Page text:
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Velvet Revolution: The Prospects

November 21, 2009

Timothy Garton Ash in The New York Review of Books:

In the autumn of 1989, the term “velvet revolution” was coined to describe a peaceful, theatrical, negotiated regime change in a small Central European state that no longer exists. So far as I have been able to establish, the phrase was first used by Western journalists and subsequently taken up by Václav Havel and other Czech and Slovak opposition leaders.[1] This seductive label was then applied retrospectively, by writers including myself, to the cumulatively epochal events that had unfolded in Poland, Hungary, and East Germany, as in “the velvet revolutions of 1989.”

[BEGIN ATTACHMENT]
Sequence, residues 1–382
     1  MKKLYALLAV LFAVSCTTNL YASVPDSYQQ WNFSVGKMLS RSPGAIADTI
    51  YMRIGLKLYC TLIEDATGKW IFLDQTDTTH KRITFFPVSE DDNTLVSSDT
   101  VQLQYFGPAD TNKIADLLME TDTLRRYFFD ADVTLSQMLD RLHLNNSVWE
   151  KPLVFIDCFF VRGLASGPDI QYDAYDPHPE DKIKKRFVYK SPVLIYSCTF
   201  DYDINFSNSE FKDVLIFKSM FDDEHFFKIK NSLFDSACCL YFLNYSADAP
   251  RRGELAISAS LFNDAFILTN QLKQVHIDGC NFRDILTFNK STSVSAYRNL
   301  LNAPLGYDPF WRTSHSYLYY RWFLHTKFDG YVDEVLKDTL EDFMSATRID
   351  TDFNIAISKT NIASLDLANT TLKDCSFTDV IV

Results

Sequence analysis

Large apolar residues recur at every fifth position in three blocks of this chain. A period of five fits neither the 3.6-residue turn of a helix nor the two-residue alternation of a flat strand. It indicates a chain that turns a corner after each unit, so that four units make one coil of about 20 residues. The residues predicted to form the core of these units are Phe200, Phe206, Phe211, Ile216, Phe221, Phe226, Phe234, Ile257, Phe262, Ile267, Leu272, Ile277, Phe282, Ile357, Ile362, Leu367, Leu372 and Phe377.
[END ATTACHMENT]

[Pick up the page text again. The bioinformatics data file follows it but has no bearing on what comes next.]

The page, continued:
Twenty years later, in the summer of 2009, the Islamic Republic of Iran staged a show trial of political leaders and thinkers it accused of fomenting enghelab -e makhmali—that is, precisely, velvet revolution. Across the intervening years, dramatic events in places including Estonia, Latvia, Lithuania, South Africa, Chile, Slovakia, Croatia, Serbia, Georgia, Ukraine, Belarus, Kyrgyzstan, Lebanon, and Burma were tagged with variants of adjective + revolution. Thus we have read about singing (Baltic states), peaceful, negotiated (South Africa, Chile), rose (Georgia), orange (Ukraine), color (widely used, post-orange), cedar (Lebanon), tulip (Kyrgyzstan), electoral (generic), saffron (Burma), and most recently, in Iran, green revolution. Often, as in the original Czechoslovak case, the catchy labeling has been popularized through the interplay of foreign journalists and political activists in the countries concerned.

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